Single-stock futures regulation just days away, says Newsome

Discussion in 'Index Futures' started by trader99, Jun 19, 2002.

  1. trader99


    Single-stock futures regulation just days away, says Newsome

    18 June - The US Commodity Futures Trading Commission (CFTC) is keen to hammer out regulatory issues related to the trading of single-stock futures in the US in "a matter of days", CFTC chairman James Newsome said this morning.
    “Major guidelines have been agreed on, and all that now remains to be completed before security futures can begin trading are final joint rules on such things as margin,” Newsome said. “Last week I said that I believed it would be 'a matter of days' and I still believe it is a matter of days.

    "Chairman Harvey Pitt [of the US Securities and Exchange Commission] and I are in close contact, and I sometimes hope that every conversation I have with him will be the last on the single-stock futures issue,” he added.

    The requirement for margin on securities futures would have to be carefully calibrated so as not to undermine comparable stock options, he said.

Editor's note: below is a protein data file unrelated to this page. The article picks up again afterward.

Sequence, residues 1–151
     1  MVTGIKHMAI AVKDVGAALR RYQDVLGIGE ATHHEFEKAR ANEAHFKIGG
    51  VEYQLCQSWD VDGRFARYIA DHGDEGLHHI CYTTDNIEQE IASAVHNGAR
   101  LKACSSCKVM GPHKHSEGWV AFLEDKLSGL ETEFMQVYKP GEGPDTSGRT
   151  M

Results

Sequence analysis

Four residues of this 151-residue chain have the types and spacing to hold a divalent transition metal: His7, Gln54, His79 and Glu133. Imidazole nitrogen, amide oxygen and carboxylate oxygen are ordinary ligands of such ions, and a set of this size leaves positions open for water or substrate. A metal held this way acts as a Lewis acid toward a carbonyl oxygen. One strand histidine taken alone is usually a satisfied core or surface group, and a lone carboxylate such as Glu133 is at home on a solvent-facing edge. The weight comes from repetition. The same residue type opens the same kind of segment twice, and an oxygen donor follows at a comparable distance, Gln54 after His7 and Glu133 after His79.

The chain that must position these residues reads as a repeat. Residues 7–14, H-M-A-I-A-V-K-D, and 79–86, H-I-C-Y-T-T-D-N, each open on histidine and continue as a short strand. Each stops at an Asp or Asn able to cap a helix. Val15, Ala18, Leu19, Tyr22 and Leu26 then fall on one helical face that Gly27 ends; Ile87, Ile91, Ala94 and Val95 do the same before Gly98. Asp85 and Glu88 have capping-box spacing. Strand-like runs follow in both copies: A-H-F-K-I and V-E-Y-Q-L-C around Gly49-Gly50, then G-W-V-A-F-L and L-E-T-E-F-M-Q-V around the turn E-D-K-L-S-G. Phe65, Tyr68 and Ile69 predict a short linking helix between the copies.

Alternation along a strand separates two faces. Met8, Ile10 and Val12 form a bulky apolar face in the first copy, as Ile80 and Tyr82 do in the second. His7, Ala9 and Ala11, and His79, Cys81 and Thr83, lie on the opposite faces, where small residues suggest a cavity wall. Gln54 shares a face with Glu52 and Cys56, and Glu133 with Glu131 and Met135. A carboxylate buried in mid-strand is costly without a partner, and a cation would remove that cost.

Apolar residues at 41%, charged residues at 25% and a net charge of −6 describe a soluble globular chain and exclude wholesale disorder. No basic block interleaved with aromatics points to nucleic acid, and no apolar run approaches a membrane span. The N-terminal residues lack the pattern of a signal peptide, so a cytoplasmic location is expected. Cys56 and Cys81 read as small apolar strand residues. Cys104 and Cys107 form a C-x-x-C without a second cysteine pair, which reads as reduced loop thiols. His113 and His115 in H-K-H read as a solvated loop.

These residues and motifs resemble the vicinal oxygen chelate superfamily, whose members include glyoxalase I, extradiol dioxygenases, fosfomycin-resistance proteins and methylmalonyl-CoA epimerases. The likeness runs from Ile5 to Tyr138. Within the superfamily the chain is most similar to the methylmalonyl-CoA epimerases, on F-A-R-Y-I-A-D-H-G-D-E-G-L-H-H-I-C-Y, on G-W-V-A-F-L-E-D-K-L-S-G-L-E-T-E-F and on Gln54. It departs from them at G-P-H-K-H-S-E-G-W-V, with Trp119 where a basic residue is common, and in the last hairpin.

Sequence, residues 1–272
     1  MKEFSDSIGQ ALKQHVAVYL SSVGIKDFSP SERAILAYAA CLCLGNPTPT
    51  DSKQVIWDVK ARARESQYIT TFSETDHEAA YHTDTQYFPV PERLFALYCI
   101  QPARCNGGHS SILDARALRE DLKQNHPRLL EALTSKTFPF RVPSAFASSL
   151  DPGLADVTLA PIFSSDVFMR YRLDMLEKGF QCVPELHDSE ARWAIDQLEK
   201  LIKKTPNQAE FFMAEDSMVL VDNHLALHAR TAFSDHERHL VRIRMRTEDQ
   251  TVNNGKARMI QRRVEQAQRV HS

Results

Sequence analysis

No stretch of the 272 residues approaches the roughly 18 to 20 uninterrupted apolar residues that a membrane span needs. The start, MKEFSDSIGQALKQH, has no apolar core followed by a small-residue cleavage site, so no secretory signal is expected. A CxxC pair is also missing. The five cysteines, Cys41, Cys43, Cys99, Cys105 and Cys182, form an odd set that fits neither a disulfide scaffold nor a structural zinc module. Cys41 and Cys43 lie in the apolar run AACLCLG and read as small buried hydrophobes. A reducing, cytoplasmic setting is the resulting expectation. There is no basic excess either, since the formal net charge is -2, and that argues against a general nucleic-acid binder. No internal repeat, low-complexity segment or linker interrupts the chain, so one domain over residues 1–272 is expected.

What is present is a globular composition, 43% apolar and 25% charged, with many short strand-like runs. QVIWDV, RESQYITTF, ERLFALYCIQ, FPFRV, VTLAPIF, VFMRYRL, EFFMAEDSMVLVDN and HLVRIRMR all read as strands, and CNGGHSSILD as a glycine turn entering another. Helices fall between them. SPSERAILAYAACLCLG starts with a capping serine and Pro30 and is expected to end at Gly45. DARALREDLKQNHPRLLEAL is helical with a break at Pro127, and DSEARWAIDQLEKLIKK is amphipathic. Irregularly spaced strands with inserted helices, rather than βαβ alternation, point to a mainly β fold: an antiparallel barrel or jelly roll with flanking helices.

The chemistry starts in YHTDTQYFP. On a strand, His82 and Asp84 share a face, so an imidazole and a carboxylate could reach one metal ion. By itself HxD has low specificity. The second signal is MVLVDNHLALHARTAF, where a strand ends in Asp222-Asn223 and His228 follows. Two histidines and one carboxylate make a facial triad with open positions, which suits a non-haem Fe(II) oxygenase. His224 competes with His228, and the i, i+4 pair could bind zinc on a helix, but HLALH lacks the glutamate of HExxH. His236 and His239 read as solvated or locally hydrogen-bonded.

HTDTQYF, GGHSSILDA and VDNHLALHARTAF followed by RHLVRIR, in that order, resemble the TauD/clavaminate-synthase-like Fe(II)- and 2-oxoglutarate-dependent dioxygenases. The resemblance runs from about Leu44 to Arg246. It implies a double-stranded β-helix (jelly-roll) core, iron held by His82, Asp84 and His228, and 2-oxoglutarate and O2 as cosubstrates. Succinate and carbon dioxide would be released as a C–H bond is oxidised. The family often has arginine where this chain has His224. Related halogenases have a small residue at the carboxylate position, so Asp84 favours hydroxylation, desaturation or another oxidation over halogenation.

Last week, OneChicago Futures Exchange became the third exchange to receive formal permission from the CFTC to trade single-stock futures. OneChicago is an electronic venture between Chicago's three derivatives exchanges: the Chicago Mercantile Exchange, the Chicago Board Options Exchange and the Chicago Board of Trade.

    Nasdaq Liffe Markets - a partnership between the Nasdaq stock market and the London International Financial Futures and Options Exchange (Liffe) - and Island Futures Exchange, an affiliate of electronic share dealer Island ECN, recently bought out by Instinet, as well as the American Stock Exchange, have also received this formal permission. The status allows the recipients to trade futures contracts on individual securities and narrow-based securities indexes, collectively known as security futures products.

    In 2000, the US Congress lifted a 20-year ban on the products, theoretically allowing them to be traded from 21 August, 2001, but market participants have criticised regulators for being slow to work out a regulatory framework.

    Paul Lyon
  2. Why would SSFs undermine options unless there was something about the fairness of options trading that totally sucks?
  3. Using both "options" and "fairness" in the same sentence is indeed some risque English.